10 DHCP Attacks DHCP Starvation Attack Broadcasting vast number of DHCP requests with spoofed MAC address simultaneously. DoS attack using DHCP leases Rogue DHCP Server Attacks Server runs out of IP addresses to allocate to valid users Attacker sends many different DHCP requests with many spoofed addresses. 10

11 Layer 3 Attacks ICMP Ping Flood ICMP Smurf Ping of death 11

12 Ping Flood Echo request Network Echo request Broadcast Enabled Network Attacker Echo reply to actual destination Other forms of ICMP attack: -Ping of death -ICMP ping flood Victim 12

13 Routing Attacks Attempt to poison the routing information Distance Vector Routing Announce 0 distance to all other nodes Blackhole traffic Eavesdrop Link State Routing Can drop links randomly Can claim direct link to any other routers A bit harder to attack than DV BGP attacks ASes can announce arbitrary prefix ASes can alter path 13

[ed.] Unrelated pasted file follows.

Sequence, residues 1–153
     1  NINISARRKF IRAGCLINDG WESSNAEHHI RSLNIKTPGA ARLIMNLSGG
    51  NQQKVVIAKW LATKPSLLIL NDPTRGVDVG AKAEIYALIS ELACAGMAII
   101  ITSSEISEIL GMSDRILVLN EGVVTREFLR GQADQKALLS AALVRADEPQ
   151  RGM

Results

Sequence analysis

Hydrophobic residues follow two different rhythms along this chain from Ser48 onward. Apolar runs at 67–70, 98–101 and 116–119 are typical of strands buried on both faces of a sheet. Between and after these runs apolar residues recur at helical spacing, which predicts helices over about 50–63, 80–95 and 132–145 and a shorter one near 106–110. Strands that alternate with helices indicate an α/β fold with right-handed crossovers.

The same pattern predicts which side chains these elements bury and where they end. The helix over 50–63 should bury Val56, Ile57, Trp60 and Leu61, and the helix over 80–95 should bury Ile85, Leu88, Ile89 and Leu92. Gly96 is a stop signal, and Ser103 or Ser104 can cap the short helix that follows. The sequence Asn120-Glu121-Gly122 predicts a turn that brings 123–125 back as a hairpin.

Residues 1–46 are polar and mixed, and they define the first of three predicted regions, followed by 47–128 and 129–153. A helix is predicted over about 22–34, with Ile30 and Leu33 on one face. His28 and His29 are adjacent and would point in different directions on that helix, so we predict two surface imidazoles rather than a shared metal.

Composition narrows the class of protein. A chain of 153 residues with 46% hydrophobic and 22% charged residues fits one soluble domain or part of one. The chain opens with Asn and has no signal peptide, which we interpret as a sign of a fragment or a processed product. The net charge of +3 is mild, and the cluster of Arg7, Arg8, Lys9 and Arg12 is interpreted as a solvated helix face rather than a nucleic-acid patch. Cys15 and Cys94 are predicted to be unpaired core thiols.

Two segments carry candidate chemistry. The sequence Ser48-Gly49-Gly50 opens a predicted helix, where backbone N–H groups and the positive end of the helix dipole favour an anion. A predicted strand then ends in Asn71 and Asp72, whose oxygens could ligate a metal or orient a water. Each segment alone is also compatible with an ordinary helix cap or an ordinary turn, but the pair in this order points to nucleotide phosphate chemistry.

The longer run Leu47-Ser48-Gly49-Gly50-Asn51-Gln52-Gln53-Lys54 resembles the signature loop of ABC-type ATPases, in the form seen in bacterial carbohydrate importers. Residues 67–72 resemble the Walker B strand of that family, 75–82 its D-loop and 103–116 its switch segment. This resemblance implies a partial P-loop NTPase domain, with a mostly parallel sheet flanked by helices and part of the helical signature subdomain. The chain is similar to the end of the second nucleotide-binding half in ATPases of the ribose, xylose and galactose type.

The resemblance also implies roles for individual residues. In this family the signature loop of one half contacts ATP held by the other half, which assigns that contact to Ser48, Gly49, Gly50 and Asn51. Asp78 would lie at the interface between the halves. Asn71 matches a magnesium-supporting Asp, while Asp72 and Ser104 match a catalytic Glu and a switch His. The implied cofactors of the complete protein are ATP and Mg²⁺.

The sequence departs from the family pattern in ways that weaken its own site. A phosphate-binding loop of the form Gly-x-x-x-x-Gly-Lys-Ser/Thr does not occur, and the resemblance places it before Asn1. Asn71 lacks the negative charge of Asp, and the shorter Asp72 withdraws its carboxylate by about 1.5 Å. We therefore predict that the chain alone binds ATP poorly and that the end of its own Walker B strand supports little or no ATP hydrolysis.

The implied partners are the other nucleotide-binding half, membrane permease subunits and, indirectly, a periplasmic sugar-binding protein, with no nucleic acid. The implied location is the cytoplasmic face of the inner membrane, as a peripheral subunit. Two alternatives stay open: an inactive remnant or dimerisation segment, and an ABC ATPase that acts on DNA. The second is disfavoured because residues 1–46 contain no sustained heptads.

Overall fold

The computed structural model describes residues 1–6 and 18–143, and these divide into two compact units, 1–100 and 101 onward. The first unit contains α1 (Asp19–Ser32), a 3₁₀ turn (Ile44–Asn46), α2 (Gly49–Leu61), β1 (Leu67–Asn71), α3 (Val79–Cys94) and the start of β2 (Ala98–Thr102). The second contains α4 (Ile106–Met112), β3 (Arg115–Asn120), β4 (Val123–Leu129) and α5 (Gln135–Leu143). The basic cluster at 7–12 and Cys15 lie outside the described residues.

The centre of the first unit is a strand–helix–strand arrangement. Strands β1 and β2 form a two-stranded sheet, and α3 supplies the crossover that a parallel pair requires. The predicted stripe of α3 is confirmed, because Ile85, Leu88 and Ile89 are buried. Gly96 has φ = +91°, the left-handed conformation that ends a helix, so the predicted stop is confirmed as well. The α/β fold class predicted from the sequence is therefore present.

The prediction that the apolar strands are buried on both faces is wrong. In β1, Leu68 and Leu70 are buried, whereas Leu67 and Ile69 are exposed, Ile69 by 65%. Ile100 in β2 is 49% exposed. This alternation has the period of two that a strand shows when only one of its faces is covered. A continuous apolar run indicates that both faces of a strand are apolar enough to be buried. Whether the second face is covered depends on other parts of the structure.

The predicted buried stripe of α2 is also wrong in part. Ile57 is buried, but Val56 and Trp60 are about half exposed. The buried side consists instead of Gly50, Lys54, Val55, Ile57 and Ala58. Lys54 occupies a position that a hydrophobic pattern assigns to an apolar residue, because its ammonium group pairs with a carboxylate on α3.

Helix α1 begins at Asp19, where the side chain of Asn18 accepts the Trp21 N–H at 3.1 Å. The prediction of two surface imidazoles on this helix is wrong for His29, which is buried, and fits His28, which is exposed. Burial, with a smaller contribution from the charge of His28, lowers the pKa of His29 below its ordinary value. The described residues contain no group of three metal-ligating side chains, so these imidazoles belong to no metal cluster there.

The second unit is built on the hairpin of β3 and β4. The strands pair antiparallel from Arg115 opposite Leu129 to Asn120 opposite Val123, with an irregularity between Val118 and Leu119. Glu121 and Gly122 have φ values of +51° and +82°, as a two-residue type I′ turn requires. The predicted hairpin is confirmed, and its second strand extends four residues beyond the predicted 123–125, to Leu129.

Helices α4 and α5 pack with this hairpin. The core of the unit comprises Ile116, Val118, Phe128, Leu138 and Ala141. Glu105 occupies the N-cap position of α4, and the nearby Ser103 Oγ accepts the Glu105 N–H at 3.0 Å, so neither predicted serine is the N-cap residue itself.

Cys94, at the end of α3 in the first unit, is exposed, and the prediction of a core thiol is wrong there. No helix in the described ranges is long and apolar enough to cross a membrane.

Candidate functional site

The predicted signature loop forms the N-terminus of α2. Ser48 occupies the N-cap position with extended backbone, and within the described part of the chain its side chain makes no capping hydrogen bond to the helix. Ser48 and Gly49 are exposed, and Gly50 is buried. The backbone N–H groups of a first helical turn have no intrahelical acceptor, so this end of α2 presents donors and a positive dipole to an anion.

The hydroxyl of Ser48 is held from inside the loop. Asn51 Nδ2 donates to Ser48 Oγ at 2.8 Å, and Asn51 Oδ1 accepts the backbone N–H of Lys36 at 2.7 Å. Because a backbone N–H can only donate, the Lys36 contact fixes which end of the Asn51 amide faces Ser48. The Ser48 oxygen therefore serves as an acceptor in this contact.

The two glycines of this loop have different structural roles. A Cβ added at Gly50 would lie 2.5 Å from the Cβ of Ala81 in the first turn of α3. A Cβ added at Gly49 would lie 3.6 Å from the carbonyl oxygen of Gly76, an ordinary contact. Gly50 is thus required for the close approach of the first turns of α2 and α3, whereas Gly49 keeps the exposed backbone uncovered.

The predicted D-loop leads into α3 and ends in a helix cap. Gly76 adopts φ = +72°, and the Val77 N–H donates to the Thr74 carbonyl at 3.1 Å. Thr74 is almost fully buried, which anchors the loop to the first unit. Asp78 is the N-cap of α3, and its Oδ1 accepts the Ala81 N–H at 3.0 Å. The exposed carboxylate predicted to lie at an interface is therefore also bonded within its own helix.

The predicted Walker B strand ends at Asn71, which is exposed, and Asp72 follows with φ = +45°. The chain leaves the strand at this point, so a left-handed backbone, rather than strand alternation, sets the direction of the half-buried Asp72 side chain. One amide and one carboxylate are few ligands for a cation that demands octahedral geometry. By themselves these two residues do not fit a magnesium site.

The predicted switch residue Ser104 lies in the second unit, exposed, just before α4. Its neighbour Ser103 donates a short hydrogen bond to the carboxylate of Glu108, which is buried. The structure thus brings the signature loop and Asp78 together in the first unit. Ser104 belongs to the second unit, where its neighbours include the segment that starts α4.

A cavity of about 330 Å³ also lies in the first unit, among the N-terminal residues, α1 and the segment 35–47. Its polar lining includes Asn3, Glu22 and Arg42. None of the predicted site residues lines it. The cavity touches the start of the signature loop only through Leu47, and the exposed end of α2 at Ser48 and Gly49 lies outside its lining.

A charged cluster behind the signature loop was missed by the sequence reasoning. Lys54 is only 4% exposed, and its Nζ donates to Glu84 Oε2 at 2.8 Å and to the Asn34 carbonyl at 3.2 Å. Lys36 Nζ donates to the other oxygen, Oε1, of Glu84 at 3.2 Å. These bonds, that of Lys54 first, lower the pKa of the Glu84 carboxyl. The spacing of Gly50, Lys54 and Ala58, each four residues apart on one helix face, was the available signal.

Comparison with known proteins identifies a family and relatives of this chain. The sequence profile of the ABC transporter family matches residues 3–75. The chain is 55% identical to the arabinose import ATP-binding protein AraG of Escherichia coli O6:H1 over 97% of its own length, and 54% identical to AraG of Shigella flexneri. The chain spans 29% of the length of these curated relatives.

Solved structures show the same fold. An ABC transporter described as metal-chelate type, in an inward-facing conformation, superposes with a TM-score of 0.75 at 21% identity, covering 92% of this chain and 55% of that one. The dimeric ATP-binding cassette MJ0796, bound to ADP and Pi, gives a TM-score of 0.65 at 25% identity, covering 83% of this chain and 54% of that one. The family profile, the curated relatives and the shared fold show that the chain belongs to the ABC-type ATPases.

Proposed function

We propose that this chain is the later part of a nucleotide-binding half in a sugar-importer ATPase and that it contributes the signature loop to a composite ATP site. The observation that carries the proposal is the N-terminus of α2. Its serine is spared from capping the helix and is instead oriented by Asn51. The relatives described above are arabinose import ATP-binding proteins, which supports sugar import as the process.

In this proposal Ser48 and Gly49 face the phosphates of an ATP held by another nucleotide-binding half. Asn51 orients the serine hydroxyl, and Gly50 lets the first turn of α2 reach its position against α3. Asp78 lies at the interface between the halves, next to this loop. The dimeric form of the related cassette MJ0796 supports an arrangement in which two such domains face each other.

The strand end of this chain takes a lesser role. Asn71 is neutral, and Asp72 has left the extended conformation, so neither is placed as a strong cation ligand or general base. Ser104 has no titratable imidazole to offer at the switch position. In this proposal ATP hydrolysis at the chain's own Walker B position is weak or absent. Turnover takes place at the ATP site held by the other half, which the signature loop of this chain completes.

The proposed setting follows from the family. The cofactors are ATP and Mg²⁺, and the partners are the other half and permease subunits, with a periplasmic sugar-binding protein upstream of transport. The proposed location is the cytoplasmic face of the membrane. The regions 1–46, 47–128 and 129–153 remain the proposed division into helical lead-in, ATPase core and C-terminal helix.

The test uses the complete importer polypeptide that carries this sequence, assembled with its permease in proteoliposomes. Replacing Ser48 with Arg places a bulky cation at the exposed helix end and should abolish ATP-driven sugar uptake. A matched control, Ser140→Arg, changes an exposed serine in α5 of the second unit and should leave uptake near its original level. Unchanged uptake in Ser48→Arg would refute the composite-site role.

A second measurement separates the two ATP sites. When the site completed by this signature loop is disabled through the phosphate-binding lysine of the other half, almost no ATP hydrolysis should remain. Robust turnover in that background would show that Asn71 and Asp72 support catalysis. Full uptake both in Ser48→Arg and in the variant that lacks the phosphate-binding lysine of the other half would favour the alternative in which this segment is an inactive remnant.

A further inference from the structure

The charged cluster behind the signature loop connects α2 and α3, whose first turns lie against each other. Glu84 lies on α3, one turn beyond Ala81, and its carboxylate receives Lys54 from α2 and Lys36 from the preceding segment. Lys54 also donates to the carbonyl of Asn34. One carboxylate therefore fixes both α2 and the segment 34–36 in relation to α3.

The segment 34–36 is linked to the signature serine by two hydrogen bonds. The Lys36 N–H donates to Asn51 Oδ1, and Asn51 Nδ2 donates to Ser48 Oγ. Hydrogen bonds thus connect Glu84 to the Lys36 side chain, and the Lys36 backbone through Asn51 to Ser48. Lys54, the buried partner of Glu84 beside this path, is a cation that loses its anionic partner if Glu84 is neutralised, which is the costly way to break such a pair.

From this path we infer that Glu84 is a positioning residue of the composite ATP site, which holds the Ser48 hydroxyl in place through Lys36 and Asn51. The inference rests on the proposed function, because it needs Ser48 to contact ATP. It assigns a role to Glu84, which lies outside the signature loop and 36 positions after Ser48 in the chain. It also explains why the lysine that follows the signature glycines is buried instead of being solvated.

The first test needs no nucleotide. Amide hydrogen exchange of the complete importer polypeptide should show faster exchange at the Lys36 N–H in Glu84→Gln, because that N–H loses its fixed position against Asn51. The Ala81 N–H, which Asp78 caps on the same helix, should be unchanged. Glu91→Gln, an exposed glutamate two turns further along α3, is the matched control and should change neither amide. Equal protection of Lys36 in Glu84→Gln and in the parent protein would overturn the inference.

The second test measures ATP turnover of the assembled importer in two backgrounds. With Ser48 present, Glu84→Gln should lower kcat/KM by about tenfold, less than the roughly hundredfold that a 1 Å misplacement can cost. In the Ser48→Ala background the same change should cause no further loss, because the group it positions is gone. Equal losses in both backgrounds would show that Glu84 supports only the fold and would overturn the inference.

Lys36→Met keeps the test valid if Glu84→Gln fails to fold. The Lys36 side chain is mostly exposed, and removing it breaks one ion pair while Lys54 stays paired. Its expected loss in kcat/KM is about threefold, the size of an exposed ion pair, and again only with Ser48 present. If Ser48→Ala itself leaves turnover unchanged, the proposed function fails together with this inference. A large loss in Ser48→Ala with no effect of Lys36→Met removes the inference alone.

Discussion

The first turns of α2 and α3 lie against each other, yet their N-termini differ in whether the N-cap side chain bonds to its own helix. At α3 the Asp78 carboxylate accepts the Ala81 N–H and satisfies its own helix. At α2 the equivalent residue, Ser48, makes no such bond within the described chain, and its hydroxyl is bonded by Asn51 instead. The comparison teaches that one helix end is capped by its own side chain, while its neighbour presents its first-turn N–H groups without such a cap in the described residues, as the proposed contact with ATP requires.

14 TCP Attacks SYN Flood occurs when an attacker sends SYN requests in succession to a target. Causes a host to retain enough state for bogus halfconnections such that there are no resources left to establish new legitimate connections. 14

15 TCP Attacks Exploits the TCP 3-way handshake Attacker sends a series of SYN packets without replying with the ACK packet Finite queue size for incomplete connections SYN SYN+ACK ACK CONNECTION ESTABLISHED Server 15

16 TCP Attacks Exploits the TCP 3-way handshake Attacker sends a series of SYN packets without replying with the ACK packet Finite queue size for incomplete connections SYN SYN+ACK Attacker ACK? Server (Victim) OPEN CONNECTIONS 16

17 Application Layer Attacks Scripting vulnerabilities Cookie poisoning Buffer overflow Hidden field manipulation Parameter tampering Cross-site scripting SQL injection 17

18 Layer 7 DDoS Attack Traditional DoS attacks focus on Layer 3 and Layer 4 In Layer 7, a DoS attack is targeted towards the applications disguised as legitimate packets The aim is to exhaust application resources (bandwidth, ports, protocol weakness) rendering it unusable Includes: HTTP GET HTTP POST Slowloris LOIC / HOIC RUDY (R-U-Dead Yet) 18

19 Layer 7 DDoS Slowloris Incomplete HTTP requests Properties Low bandwidth Keep sockets alive Only affects certain web servers Doesn t work through load balancers Managed to work around accf_http 19